When I finished reading the book, I came away with a sense of awe and a renewed belief in God’s love, mercy, and grace as revealed in His Son, Jesus Christ. I know that these truths about God will remain with me for a very long time. Of course, no one will ever fully comprehend the enormity of God’s love in our short lifetimes, but then we will have all of eternity to rejoice in Him.

Friday, April 24, 2015

A Sparrow in Terezin by Kristy Cambron

About the author:

Kristy Cambron has been fascinated with the WWII era since hearing her grandfather's stories of the war. She holds an art history degree from Indiana University and received the Outstanding Art History Student Award. Kristy writes WWII and Regency era fiction and has placed first in the 2013 NTRWA Great Expectations and 2012 FCRW Beacon contests, and is a 2013 Laurie finalist. Kristy makes her home in Indiana with her husband and three football-loving sons.

Find Kristy online: website, Facebook, Twitter

About the book:
A Sparrow in Terezin (Thomas Nelson, April 2015)

Bound together across time, two women will discover a powerful connection through one survivor's story of hope in the darkest days of a war-torn world.

Present Day---With the grand opening of her new art gallery and a fairytale wedding just around the corner, Sera James feels she's stumbled into a charmed life---until a brutal legal battle against fiancé William Hanover threatens to destroy the perfectly planned future she's planned before it even begins. Now, after an eleventh-hour wedding ceremony and a callous arrest, William faces a decade in prison for a crime he never committed, and Sera must battle the scathing accusations that threaten her family and any hope for a future.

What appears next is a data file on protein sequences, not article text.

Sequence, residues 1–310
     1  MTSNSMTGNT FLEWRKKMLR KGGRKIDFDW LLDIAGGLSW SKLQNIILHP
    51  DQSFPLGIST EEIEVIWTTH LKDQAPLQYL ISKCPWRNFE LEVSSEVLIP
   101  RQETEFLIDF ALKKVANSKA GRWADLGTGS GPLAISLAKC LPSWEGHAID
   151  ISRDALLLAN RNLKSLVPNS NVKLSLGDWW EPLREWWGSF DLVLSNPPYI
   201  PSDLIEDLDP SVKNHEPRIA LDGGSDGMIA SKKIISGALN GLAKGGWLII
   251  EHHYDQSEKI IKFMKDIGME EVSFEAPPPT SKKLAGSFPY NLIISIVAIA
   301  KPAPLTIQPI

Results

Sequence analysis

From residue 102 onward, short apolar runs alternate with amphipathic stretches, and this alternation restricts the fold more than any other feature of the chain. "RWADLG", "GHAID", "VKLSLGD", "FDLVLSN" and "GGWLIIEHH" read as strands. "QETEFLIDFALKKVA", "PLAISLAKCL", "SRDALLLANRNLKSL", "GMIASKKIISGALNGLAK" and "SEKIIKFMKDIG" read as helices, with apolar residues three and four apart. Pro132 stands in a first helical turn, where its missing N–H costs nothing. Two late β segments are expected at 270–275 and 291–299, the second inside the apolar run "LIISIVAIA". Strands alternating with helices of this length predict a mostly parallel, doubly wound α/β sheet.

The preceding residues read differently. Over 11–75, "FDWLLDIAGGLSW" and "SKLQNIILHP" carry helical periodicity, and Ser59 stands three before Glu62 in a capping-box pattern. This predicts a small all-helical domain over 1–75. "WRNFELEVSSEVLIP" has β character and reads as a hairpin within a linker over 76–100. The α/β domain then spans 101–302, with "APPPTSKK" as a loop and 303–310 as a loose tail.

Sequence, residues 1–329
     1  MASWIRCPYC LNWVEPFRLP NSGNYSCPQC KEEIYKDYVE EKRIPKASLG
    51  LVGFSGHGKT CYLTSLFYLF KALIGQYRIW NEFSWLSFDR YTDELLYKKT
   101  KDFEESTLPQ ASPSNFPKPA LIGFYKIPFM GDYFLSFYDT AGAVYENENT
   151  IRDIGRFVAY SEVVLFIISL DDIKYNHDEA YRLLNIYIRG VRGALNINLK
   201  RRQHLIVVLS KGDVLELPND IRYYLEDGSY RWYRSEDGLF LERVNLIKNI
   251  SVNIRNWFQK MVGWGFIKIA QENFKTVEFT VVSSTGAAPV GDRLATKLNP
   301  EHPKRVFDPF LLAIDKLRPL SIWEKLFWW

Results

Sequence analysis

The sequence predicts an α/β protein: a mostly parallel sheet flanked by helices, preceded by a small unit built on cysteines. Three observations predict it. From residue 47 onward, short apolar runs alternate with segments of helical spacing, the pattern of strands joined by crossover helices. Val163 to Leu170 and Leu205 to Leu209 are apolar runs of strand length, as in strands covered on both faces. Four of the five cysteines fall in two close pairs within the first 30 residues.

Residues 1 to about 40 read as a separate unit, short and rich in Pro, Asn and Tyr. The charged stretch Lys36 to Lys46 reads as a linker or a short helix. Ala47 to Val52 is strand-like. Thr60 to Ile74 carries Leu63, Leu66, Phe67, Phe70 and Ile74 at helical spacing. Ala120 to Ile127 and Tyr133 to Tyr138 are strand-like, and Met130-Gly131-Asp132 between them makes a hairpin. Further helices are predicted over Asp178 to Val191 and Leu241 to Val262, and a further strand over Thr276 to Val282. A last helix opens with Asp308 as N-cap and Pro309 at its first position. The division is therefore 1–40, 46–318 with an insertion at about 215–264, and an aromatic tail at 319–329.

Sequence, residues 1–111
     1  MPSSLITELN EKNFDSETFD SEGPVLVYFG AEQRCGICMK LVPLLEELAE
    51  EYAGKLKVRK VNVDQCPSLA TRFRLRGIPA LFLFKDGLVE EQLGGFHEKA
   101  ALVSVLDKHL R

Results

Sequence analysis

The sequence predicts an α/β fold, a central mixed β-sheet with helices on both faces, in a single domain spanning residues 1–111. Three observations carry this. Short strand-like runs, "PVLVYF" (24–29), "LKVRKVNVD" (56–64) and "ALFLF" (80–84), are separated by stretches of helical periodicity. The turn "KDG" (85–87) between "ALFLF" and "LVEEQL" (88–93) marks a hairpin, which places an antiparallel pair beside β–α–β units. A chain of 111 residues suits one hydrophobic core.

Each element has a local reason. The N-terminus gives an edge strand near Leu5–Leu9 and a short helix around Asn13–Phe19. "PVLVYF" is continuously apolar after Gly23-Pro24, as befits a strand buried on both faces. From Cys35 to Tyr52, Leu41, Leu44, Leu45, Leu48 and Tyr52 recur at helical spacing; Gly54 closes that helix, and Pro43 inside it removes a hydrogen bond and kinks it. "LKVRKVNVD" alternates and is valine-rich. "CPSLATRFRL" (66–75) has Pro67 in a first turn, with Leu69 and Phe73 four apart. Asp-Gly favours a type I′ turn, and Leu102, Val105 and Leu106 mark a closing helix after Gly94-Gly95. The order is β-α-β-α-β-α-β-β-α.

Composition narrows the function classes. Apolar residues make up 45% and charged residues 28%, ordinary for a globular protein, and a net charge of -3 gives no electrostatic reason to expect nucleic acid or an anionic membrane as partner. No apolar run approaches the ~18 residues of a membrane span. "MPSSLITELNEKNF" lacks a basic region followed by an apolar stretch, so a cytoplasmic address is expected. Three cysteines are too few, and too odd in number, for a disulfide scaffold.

1942---Kája Makovsky narrowly escaped occupied Prague in 1939, and was forced to leave her half-Jewish family behind. Now a reporter for the Daily Telegraph in England, Kája discovers the terror has followed her across the Channel in the shadowy form of the London Blitz. When she learns Jews are being exterminated by the thousands on the continent, Kája has no choice but to return to her mother city, risking her life to smuggle her family to freedom and peace.

Connecting across a century through one little girl, a Holocaust survivor with a foot in each world, these two women will discover a kinship that springs even in the darkest of times. In this tale of hope and survival, Sera and Kája must cling to the faith that sustains and fight to protect all they hold dear---even if it means placing their own futures on the line.

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Margie's Comments: Kristy Cambron's A Sparrow in Terezin is the second book in her debut series, Hidden Masterpieces. I haven't read the first book, but I didn't find that an issue as I started to read this one for review. (But I will go back and read The Butterfly and the Violin now.) I certainly do understand the hype about the author's excellent debut novel and the corresponding publicity and excellent reviews this second book is now getting. Cambron's characters are well rounded, likeable, and immediately put into situations that evoked my sympathy right from the start. The book jumps from early World War II Poland to contemporary California, but the similarities of the battles Sera and Kaja face in fighting for their families bind them together. The theme of faith and hope and love is strong in both story lines, and I love the way the story jumps from the present time to the historical and back again. Cambron shows excellent facility in handling this type of novel and brings off a great and satisfying story. I loved this book, and I highly recommend it. I look forward to reading more books by this author.
(I received a copy of this book from the publisher in exchange for a review.)